In 1958, he was made a full general and assumed the offices of prime minister and defence minister. He was prime minister for nine months, after which he was replaced by Sarit himself and made deputy prime minister, defence minister, and armed forces deputy supreme commander.

Prime minister of Thailand[edit]

Prime Minister Thanom (Second right) at the 1966 SEATO convention in Manila

Prime Minister Thanom succeeded his predecessor one day after Sarit's death in 1963. He subsequently appointed himself commander-in-chief of the army. One year later, he promoted himself to the concurrent ranks of field marshal, admiral of the fleet, and Marshal of the Royal Thai Air Force. Thanom continued the pro-American and anti-communist politics of his predecessor, which helped to ensure massive US economic and financial aid during the Vietnam War. Although he was personally popular, his regime was known for massive corruption. He established and led the United Thai People's Party (Saha Prachathai) in October 1968.

Thanom reappointed himself prime minister in February 1969 after general elections had been completed. The following year saw the beginnings of the 1970s peasant revolts in Thailand. Then, in November 1971, he staged a coup against his own government, citing the need to suppress communist infiltration. He dissolved parliament and appointed himself Chairman of the National Executive Council, and served as a caretaker government for one year. In December 1972, he appointed himself prime minister for a fourth time, also serving as the defence and foreign ministers. Thanom, his son Colonel Narong, and Narong's father-in-law General Praphas Charusathien became known as the "three tyrants".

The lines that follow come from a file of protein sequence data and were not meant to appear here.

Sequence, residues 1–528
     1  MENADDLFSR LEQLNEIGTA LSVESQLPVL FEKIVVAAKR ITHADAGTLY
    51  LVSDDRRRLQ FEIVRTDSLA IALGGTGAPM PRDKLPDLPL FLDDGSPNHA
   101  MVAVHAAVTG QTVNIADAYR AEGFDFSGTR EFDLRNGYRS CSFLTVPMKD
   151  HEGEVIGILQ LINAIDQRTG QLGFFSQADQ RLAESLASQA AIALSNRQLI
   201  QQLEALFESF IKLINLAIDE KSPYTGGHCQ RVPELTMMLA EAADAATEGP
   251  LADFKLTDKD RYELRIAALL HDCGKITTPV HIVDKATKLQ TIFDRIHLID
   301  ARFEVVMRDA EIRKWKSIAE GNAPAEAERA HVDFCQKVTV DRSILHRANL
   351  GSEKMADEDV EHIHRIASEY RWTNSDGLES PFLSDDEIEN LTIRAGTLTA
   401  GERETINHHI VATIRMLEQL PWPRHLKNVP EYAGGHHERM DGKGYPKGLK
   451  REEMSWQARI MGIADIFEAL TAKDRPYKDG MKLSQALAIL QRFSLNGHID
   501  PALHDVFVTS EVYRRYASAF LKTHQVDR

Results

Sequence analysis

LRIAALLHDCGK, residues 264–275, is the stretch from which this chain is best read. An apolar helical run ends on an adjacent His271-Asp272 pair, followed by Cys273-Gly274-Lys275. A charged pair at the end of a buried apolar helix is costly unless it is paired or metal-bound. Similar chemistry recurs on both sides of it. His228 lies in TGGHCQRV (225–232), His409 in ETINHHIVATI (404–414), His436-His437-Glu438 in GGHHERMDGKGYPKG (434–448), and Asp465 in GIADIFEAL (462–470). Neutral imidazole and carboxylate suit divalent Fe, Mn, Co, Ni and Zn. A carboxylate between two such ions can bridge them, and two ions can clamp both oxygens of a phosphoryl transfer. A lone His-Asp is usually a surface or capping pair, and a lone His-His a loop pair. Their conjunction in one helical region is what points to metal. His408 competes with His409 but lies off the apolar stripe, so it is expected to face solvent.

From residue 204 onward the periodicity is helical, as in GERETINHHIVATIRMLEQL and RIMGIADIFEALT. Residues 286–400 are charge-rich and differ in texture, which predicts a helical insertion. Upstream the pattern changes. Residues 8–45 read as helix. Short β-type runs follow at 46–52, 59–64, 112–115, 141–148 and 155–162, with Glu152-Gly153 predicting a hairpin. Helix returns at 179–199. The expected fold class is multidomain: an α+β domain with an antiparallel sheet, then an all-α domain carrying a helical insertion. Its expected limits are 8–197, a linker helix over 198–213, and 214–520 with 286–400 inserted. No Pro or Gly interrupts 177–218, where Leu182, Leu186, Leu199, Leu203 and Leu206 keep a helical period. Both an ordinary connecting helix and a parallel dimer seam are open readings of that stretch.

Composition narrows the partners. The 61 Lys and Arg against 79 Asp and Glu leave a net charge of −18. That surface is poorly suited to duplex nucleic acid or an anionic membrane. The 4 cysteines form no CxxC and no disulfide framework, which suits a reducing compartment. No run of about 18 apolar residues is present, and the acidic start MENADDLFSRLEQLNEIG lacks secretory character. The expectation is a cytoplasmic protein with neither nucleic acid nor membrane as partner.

Public discontent grew, along with demands for a general election to choose a new parliament. Student-led demands for a return to constitutional government, the so-called "14 October 1973 uprising", led to three days of violence followed by the sudden downfall of his government. Thanom and the other "tyrants" flew to exile in the United States and Singapore. Thanom's departure was followed by a restoration of a democratic rule in Thailand.

After Thammasat University massacre[edit]

Thanom in press conference

In October 1976, Thanom returned to Thailand in the robes of a novice monk,[3] to stay at Bangkok's Wat Bowonniwet. Even though he announced he had no desire to enter politics, his return triggered student protests, which eventually moved onto the campus of Thammasat University. This was only a year after South Vietnam and Thailand's neighbors Laos and Cambodia had fallen to the communists, and right-wing Thais suspected the protesters wished the same fate for their own country. On 6 October 1976, right-wing militants, aided by government security forces, stormed the Thammasat campus, violently broke up the protests, and killed many protesters. That evening, the military seized power from the elected civilian government of Democrat MR Seni Pramoj and installed hard-line royalist Thanin Kraivichien as premier.

Thanom soon left the monkhood, but he kept his word never to take part in politics again. Late in his life, he attempted to rehabilitate his tarnished image and recover properties seized when his government was overthrown.

In March 1999, Thanom was nominated to be a member of the honorary Royal Guard by Prime Minister Chuan Leekpai, which led to controversy. Thanom settled the matter himself by turning down the appointment.

Thanom Kittikachorn died in 2004 the age of 92 in Bangkok General Hospital, after suffering a stroke and a heart attack two years earlier.[4] His family's medical expenses were paid by King Bhumibol Adulyadej, which some saw as payback for Thanom's agreeing to the king's request that he leave the country to end the violence in 1973. Thanom's cremation was held on 25 February 2007 at Wat Debsirin. Queen Sirikit presided over the cremation ceremony, lighting the royal flame on behalf of King Bhumibol. Her youngest daughter, the Princess Chulabhorn, was also present. Thanom's wife died in 2012, aged 96.


Thanom received the following royal decorations in the Honours System of Thailand:[5]

Foreign honours[edit]